Revenge isn’t sweet, it tastes like mayo

Kristine Gill

Once a month corporate visits Subway, sending forth the same fear and foreboding its utterance elicits on NBC’s “The Office.” Someone comes in, watches us, takes notes, snoops through our cooler and freezer, bread box and temperature logs, and insists on leaving a six-foot-party-sub sized list of errors and areas requiring our immediate attention.

However ridiculous it seems, it is nonetheless a terrifying and aggravating experience, knowing that I’m about to be critiqued for doing a job that earns me seven dollars an hour by someone with a real job and a real paycheck. It’s hard to take a critique seriously when all that’s at stake is my unlimited access to Subway food and a few hundred dollars a month – needs that can each be satisfied elsewhere. But without fail, the pride I take in my work, however menial, kicks in and I’m forced to produce perfection (in the form of a submarine sandwich) under pressure.

Or so I thought. Apparently Subway feels that the ham should go after the salami and pepperoni on the BMT sandwich. And that three teeny, tiny olives spaced across the vast expanse of a six-inch sub is sufficient. According to the almighty corporate, I put fourteen olives on, one less tomato than stated in the rules (which, by the way, ignore the size and shape of each tomato slice) and should have made three straight lines of dressing across the meat instead of opting for the aesthetically pleasing zigzags. But go ahead, reprimand and embarrass me for living up to my proud title of sandwich artist. Take for granted the fact that I have morals and a conscience and a lack of phlegm in my throat. Go ahead and give me that dirty look.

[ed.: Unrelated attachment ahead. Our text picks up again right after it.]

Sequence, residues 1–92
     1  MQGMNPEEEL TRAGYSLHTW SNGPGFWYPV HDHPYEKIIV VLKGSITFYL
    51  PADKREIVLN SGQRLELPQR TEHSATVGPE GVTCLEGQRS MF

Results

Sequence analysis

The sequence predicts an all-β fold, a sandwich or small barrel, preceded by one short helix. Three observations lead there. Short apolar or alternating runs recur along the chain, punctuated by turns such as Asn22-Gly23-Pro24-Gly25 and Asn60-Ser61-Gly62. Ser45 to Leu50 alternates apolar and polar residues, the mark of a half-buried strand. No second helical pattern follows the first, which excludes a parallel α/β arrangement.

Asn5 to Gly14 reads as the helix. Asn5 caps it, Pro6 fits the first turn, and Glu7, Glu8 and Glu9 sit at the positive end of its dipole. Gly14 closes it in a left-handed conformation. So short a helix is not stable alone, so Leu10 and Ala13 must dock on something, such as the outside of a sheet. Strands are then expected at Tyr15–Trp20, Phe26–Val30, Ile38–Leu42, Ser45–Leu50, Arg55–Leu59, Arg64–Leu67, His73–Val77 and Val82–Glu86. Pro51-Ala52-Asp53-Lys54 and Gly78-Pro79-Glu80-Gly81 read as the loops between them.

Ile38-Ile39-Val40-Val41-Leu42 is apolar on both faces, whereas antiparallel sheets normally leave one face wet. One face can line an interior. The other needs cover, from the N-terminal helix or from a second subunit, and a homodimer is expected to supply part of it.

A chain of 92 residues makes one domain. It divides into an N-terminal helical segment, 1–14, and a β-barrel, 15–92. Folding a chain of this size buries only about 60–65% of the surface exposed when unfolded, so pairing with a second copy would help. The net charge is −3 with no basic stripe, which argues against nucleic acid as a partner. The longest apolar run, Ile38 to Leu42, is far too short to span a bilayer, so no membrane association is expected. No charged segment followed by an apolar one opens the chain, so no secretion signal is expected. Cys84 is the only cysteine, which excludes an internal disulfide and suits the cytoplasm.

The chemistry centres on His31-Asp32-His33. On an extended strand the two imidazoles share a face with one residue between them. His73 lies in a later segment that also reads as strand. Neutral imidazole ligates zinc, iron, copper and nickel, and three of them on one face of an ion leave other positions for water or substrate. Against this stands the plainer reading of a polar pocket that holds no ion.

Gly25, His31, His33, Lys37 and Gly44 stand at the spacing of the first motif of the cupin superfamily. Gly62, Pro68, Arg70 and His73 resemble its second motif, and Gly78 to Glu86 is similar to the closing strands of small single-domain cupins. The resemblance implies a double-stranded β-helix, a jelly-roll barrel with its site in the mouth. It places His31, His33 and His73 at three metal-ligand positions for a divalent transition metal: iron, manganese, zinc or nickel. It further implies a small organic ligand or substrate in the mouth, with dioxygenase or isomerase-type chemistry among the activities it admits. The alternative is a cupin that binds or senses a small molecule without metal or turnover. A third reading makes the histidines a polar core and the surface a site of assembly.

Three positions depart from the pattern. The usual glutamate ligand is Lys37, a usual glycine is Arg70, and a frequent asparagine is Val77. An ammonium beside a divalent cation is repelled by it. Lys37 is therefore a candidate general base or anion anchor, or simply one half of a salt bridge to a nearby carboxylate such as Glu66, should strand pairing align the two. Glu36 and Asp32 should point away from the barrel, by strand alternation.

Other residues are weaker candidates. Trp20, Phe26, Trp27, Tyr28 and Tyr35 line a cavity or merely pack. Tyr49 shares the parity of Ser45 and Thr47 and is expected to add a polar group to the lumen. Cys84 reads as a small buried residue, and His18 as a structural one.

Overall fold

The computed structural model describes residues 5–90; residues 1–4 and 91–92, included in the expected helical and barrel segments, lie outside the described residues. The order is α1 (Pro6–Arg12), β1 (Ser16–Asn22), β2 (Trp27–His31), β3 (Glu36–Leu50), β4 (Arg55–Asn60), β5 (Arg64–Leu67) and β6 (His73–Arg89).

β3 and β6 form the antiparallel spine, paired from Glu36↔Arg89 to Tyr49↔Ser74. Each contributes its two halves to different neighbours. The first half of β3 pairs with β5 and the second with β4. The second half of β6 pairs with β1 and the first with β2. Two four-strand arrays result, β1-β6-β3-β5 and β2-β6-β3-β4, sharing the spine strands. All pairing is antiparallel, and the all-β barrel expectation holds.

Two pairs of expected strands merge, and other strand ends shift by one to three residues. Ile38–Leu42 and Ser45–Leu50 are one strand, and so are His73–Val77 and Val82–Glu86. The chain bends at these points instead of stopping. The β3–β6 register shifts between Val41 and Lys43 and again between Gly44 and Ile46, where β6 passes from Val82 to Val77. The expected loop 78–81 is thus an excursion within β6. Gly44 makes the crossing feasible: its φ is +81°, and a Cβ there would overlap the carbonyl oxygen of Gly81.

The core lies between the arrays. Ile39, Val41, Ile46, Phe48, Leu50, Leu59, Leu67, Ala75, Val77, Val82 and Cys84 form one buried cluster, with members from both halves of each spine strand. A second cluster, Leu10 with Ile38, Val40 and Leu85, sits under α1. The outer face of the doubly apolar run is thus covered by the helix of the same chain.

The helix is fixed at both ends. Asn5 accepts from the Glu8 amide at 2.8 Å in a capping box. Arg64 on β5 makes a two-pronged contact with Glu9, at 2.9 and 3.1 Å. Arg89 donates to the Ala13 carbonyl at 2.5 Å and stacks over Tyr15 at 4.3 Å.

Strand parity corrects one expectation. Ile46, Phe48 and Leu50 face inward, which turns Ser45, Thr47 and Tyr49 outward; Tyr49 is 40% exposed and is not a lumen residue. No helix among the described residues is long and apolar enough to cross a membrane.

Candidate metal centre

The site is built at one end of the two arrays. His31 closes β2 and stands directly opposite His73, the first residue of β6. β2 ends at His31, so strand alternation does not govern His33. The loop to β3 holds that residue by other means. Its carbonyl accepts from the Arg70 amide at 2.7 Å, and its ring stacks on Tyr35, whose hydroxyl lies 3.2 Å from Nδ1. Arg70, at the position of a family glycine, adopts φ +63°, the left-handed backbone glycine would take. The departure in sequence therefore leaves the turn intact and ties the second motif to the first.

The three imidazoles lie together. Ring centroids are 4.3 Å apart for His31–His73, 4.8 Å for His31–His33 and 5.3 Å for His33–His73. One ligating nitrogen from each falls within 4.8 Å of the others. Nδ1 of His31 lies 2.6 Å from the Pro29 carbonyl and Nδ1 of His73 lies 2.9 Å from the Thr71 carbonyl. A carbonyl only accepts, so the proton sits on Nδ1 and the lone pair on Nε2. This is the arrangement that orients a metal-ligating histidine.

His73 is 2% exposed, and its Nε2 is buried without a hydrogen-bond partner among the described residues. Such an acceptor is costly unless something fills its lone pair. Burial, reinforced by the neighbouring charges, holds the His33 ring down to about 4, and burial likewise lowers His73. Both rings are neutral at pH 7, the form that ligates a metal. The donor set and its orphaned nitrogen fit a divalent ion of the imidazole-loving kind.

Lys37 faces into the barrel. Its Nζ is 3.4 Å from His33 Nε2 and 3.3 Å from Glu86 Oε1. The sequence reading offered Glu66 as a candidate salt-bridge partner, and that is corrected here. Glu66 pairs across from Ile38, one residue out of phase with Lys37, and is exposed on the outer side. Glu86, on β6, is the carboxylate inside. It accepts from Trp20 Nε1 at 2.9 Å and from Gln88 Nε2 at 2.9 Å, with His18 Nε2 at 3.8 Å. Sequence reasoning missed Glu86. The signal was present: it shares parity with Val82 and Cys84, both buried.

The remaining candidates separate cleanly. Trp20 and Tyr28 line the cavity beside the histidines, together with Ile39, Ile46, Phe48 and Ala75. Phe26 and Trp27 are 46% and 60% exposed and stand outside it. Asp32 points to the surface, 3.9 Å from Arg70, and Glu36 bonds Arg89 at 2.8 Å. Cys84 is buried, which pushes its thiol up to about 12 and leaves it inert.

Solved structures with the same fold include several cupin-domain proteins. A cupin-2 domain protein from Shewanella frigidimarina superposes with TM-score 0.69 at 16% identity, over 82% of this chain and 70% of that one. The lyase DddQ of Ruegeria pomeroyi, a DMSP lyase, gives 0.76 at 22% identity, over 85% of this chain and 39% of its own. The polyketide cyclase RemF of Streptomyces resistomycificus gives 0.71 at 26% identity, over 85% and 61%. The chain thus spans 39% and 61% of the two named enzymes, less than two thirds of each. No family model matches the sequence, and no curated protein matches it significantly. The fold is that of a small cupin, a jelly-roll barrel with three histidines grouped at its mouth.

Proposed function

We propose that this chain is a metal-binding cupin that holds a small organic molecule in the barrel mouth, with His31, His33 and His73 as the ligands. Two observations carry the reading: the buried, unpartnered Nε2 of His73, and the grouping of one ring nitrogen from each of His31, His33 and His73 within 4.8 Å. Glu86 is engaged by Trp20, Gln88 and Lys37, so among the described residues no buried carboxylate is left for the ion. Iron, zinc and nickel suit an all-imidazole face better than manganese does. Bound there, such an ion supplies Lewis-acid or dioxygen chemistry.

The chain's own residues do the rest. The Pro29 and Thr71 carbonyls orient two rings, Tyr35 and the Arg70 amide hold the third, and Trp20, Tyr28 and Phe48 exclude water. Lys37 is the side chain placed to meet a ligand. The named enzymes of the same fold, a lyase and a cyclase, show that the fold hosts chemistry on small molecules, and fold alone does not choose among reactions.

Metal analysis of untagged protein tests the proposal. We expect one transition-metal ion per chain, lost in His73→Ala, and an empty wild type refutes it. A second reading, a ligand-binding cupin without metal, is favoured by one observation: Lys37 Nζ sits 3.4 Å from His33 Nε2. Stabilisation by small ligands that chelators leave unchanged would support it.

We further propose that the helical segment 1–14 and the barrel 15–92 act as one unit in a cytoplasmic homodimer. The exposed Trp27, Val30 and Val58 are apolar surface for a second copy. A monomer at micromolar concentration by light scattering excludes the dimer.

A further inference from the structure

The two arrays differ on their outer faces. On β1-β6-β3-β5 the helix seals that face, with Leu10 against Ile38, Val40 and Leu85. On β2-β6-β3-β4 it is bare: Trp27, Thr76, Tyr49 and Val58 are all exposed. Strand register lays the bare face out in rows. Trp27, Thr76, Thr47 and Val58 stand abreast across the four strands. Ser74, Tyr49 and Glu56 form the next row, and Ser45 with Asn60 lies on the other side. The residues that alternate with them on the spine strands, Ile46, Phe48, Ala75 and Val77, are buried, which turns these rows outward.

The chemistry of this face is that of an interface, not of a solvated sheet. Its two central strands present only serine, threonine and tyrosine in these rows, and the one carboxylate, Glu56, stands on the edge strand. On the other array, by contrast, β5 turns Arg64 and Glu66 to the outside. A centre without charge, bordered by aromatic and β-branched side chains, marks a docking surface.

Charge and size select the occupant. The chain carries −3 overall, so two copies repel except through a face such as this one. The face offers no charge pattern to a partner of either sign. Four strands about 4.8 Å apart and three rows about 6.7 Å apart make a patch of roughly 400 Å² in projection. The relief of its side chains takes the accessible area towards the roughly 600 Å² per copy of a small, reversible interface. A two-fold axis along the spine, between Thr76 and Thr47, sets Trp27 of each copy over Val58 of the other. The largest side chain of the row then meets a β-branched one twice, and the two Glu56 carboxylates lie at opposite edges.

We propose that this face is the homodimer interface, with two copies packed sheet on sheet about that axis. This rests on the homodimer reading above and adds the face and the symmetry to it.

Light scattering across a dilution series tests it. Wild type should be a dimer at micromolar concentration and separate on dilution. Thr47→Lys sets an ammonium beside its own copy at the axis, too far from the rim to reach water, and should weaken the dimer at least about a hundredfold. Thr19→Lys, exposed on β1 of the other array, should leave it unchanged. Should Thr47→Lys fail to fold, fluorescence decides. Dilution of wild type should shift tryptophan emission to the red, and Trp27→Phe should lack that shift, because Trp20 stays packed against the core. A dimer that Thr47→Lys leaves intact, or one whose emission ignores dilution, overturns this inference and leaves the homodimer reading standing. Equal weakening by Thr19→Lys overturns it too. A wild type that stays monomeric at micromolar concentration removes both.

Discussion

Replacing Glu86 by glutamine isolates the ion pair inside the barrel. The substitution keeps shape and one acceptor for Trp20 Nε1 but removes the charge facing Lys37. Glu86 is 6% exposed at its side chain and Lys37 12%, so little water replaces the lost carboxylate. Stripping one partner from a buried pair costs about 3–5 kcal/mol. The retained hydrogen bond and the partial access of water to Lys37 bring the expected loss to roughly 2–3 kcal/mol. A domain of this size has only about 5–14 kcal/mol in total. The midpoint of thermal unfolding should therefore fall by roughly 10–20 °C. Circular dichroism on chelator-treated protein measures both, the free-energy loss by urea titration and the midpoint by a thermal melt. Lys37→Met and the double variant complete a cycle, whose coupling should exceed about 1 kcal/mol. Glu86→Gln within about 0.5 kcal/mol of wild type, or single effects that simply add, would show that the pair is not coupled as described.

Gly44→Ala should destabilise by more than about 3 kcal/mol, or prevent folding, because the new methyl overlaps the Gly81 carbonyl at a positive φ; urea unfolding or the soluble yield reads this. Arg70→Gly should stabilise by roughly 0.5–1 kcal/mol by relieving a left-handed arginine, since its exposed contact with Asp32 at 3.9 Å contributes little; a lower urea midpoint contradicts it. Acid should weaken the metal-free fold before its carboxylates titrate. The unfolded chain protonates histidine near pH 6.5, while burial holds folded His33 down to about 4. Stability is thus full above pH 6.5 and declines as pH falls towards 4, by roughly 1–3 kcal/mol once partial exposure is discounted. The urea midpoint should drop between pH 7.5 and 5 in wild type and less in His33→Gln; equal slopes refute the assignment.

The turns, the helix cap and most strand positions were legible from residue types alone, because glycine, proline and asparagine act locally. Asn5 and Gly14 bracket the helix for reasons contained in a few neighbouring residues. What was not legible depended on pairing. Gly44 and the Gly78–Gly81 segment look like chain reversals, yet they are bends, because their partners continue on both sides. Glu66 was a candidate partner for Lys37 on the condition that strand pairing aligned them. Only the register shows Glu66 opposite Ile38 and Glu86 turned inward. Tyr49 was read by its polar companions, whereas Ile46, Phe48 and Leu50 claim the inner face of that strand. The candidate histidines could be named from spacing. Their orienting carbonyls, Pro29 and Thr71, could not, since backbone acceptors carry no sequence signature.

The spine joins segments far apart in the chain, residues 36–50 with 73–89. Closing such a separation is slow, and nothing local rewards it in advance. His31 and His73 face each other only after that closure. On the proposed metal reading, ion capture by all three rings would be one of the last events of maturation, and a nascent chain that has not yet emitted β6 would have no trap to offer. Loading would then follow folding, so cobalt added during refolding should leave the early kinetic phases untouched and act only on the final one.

I’ve never understood why people, and corporate especially, think they have the right to voice the displeasure they’re unfairly having to suffer to those currently serving them.

You wouldn’t give your brain surgeon a dirty look in the final seconds before your anesthesia kicked in. So why would you scoff when I get too generous with the mayonnaise? You shouldn’t. Because in the final moments of our sub creation journey together, while you’re diverting your attention to scoping out your favorite flavor of calories and trans fat from the chip rack, I’m mustering all of my strength and wrapping your sandwich. With each layer of sub wrap I add, I am forfeiting the opportunity to conduct a most perfect revenge by adding more than mayo to your food.

So smile. Watch me until your sub is safely in its plastic bag before you direct your attention to the freshly baked macadamia nut cookies (which by the way might just be the leftovers from yesterday). Compliment me on my art or my overall presence in general. Try saying things like, “Hot damn! Datsagoodsub,” and “You’re beautiful and talented and deserve more than seven dollars an hour for your fine labor.” If I think you’re being sincere I just might forget about the extra cheese you asked for and the fact that you want to substitute a bottled beverage for the fountain drink. If that isn’t incentive enough, think about the ease and comfort in which you’ll get to enjoy your sub, knowing that it’s just the mayo you taste.

Kristine Gill is a sophomore pre-journalism major and a columnist for the Daily Kent Stater. Contact her at [email protected].